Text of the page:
Did you know that in TN, you can be a biological father without having legal rights?
Tennessee actually distinguishes between a biological parent and a legal parent. This is a confusing concept for many people, but it's very important for parents to understand. When a child is born to an unmarried mother, the mother is both the biological and legal parent of the child. However, if the parents are unmarried, even if the father is clearly the biological father, he will not have any legal or custodial rights to the child until he is established as the legal father by a Court Order.
But what if you are on the birth certificate or signed a voluntary acknowledgement of patenriity? Many times parents will assume because the father is listed on the birth certificate or because he signed a voluntary acknowledgement of paternity that he is the legal father and has rights. This is not the case. When a father is on the birth certificate or signs a VOP, it creates a presumption of paternity, but the law requires that legal paternity be established by the Court of Law.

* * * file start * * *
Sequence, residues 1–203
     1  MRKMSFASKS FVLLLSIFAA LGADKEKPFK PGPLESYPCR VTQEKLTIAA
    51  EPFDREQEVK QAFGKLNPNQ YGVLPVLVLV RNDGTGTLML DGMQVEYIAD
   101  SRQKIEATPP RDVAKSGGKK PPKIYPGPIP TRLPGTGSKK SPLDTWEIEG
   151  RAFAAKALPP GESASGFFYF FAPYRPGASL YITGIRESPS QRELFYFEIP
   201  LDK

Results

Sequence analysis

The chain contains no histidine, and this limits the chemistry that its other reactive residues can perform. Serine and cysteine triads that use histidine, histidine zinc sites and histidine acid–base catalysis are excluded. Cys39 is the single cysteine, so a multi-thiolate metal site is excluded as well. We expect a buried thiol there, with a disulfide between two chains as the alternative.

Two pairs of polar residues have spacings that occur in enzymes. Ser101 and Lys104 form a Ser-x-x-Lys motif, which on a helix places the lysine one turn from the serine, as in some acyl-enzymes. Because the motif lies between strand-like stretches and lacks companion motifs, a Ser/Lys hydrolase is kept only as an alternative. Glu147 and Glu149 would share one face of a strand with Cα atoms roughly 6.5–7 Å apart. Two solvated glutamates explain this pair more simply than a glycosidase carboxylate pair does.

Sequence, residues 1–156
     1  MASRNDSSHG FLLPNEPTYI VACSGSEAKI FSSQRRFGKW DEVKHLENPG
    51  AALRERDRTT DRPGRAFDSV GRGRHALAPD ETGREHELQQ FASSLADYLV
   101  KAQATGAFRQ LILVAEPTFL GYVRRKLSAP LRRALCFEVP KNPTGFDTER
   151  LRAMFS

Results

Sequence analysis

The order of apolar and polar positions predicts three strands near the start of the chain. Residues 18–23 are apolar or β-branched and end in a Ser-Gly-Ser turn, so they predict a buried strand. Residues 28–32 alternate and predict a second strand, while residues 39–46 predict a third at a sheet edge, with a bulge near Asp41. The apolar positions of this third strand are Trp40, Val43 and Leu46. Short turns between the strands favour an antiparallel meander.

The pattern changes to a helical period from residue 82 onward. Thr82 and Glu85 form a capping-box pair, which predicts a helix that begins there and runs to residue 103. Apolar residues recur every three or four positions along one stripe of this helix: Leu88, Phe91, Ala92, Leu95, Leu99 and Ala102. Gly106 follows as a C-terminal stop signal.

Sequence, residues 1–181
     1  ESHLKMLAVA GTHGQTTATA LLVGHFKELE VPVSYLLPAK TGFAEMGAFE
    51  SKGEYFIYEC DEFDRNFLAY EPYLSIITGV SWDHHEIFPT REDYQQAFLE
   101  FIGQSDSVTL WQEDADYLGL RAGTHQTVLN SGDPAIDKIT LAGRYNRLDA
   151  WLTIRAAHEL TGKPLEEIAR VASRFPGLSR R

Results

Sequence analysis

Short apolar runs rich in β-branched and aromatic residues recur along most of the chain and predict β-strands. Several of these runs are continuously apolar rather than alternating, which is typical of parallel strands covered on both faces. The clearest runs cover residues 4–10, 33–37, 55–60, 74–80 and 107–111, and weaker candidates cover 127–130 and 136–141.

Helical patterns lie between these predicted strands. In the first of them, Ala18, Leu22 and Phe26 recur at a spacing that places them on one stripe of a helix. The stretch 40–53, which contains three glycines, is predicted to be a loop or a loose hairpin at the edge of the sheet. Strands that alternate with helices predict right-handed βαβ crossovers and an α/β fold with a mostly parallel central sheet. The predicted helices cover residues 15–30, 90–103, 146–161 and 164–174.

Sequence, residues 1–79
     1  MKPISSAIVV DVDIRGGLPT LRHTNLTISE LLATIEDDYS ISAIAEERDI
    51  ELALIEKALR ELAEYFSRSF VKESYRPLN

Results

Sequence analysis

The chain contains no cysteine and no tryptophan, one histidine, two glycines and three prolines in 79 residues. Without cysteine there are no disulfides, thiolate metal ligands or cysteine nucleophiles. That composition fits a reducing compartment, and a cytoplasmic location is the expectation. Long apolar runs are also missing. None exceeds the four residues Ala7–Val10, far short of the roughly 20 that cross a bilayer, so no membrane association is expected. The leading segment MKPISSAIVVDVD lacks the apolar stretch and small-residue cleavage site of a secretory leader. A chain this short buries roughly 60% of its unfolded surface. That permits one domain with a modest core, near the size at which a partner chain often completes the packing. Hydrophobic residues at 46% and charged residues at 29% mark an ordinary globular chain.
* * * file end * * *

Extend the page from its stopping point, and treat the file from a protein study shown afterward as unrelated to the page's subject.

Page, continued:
Thus, for a father to have parental rights in Tennessee, the father must either have been married to the mother at the time of the child's birth or the father must be established as the legal father by the Court.
How do you establish paternity and parental rights? You can establish paternity by agreement of both parents or by one party filing a Petition with the Court requesting that paternity be established. Either way, it requires a Court Order.
Many times, a mother might seek to establish paternity to obtain child support. Many times, a father might seek to establish paternity to obtain custody or have regular parenting time with the child.
What if you are married and you are not the biological father of your child? If you are married and you and your spouse have a child, the father is automatically presumed to be both the biological and legal father of the child. This is a rebuttable presumption, which means that paternity can be disestablished by obtaining DNA proof that the Husband is not the biological father. This also requires a Court Order.